Dunstan was probably the one that took the biggest step up this week, kicking two really good crumbing goals and laying six tackles in a role mostly confined to the front half. His dip in output over the past couple of months had seen him pushed to the brink of what you’d deem a “rest” (from the outside anyway) for a player of his experience and promise, so this simplified role allowed to him to show off his physicality and his decent mid’s goal sense. Lonie and Sinclair when he came on both brought their spark which feels like a natural component of this side already, only nine matches into their time with the club, Billings continued to rack up his 15+ quality possessions per week and Schneider played probably his best game of the year. Whatever you think of him, make the most of the contribution he makes out on the field because he’ll be gone very, very soon, back to the rookie list and that might well be it.

Armo continued his eponymous Fest 2015 with another 31 touches and an impact all around the ground, inside and out, and all the other things that people say about mids that play good games like that. He’s currently at point that Roo/Joey/Dal/BJ/Lenny consistently operated at over the past few years, in which I totally CBF writing about them in these reviews because everyone knows what they did and that they did it well. This time around, the talking point was that he kicked two really quality goals in the second quarter to wrestle the momentum from the Lions and send us on our way.

Like Armo, Mav finished with two goals at a crucial time in the game as a midfielder, volleying Billings’ great kick from just beyond the 50 metre arc and then reading the contest in the goal square best from the resulting centre bounce. Unfortunately he smacked Bewick in the head and was lucky to not get more than the one week offered to him by this week’s MRP Lotto Supervisors. Like Dunstan, I thought his output had tapered off a little over the last few weeks but a lot of players really took turns to stand up when someone needed to. Coming back from 29 points is one thing, and whilst the Best columns would feature senior guys in Roo, Joey, Schneider and Dempster just about every player – right down to D-Mac, one of the lesser lights on the day, taking a huge hit from behind whilst holding a tough overhead mark on the wing in the last quarter.

Martin replicated what Bennell did at a similar point further south in the state in Round 2 and really we were safe. Richie felt differently but Matt and I were talking about relatively confident we were through the second half. “Relatively” is the operative word – I wasn’t thinking we were going to shit it in or necessarily win but I felt much better about the prospects of giving it a shake through to the end, and a decent shake at that, as opposed to the last couple of years.

So two out of three wins this year in Queensland. Whilst the Gold Coast win was great at the time, particularly with the Bruce factor turned up to 11, using the arsey tool of hindsight it was probably the result that should have happened. This one had a lot more fight, and with the Lions flicking the switch in the last few weeks the poor start at our least favourite ground actually made some sense. But we’re hitting the point of the season now in which we can see clear hallmarks that each side is displaying in the 2015 season. Pleasantly, this side has been instilled with a real fighting aspect and a pride in both performance and application. To go with that we’ve been lucky that young guys in Billings, Sinclair, Lonie, Bruce, and so on have all improved their contributions, but it all starts with watching a young team working hard and really giving a shit about what they’re doing.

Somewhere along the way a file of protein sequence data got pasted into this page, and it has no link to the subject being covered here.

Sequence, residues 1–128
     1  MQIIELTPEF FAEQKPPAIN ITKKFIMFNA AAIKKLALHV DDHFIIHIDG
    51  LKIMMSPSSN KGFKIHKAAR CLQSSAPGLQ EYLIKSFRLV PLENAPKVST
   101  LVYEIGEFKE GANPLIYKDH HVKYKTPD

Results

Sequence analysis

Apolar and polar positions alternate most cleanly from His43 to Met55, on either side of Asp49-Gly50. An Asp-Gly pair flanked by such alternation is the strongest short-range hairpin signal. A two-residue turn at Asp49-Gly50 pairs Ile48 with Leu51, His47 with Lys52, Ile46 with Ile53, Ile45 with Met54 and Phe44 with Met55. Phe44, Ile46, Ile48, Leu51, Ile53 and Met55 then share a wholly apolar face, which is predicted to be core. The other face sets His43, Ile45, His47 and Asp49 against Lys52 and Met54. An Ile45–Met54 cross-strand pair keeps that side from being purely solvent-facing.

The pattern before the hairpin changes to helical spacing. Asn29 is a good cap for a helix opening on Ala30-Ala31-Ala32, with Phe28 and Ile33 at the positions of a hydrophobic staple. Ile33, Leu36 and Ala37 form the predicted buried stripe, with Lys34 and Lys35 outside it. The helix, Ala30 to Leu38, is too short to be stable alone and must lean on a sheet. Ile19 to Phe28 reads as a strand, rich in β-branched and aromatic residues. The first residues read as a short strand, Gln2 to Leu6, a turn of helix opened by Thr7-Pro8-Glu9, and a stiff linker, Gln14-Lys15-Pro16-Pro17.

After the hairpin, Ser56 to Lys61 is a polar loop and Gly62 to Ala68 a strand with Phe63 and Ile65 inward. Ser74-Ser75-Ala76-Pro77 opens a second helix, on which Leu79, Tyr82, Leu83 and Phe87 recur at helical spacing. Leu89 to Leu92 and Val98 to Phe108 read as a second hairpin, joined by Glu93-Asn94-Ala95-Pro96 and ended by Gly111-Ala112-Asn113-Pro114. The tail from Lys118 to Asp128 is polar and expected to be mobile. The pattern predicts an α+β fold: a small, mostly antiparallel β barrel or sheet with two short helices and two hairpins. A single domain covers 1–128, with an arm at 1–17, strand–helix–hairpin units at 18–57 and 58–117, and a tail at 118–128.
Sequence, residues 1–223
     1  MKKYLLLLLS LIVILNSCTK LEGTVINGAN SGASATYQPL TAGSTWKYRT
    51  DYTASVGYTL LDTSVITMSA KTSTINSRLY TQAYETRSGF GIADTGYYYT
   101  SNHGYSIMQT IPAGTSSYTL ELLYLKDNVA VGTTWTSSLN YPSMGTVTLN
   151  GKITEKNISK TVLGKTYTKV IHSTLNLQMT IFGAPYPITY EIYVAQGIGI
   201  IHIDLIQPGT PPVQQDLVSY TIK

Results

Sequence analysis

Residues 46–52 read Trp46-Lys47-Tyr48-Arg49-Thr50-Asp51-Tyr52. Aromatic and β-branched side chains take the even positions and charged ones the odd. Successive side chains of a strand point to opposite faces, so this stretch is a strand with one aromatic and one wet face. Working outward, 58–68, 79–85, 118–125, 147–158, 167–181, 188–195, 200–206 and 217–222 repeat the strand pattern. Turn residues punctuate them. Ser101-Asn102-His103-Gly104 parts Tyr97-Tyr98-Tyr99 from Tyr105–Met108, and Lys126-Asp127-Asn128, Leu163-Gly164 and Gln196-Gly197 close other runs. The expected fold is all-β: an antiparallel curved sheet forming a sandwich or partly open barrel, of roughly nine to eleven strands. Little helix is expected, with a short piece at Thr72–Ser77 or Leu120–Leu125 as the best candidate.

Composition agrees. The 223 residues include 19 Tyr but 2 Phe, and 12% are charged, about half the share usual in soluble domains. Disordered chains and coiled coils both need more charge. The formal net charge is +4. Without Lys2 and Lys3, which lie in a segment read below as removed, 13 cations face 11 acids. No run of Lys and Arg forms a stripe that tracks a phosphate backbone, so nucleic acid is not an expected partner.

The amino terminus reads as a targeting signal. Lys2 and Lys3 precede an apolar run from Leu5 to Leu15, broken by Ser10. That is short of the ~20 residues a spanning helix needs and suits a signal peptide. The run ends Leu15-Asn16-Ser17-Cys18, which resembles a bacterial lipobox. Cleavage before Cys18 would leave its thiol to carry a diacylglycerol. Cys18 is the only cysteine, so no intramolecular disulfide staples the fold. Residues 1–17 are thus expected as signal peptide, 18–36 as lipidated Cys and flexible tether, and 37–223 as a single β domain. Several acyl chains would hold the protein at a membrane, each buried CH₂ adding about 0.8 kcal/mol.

Don’t know when, but I know we’ll meet again

“Arise, Rhys Stanley, and lead us to salvation.”

So I facetiously wrote three years ago after another blonde forward and messiah-to-be, Tommy Walsh, was traded out to Sydney in the final stages of the post-2011 season trade week. Barker, Lockett, Harvey, Riewoldt, Blight, Goddard, Ross the ex-Boss – was Big Rhys next in line after Tommy’s exit? When a club has such lean team success, it’s easy to put anyone on a pedestal too quickly.

Perhaps looking for a quick fix after the GT/Ross decade had drawn to a close, Tommy Walsh presented us with a potential get-out-of-jail-free card: some tantalising performances at VFL level – VFL, yes, but he couldn’t have done more without being picked at senior level – but coming from the strongest Gaelic background in his early career, and in a season in which we physically and psychologically looked ruined and couldn’t be farked, simply bombing it uselessly to My Favourite Hair when going forward. Needless to say, Roo was typically outnumbered and even though we won nine of our last 11, I think some sort of weight was lifted from our shoulders when the final siren sounded to end the Elimination Final. But St Kilda’s Messiah Complex was never more excruciatingly present.

It wasn’t quite Scott Watters who could fulfill the desires; however it’s hard to believe that should a few minor things have gone the other way in four of the five games St Kilda lost by 13 points or less in 2012, we’d have finished in the top four (reverse all five and it’s top three). Instead we endure seasons such as 2013 and 2014, where the worst fears of the 2010 Grand Final Replay post-mortem were realised.

This was the year we officially returned to our natural habitat, anchored at the bottom of the ladder. Nature’s order has been restored. As we watch Hawthorn and Geelong continue their long-term challenges – and with the luxury of recent premierships already banked and to still enjoy – we now have to work our way from the bottom up again as we did 14 years ago.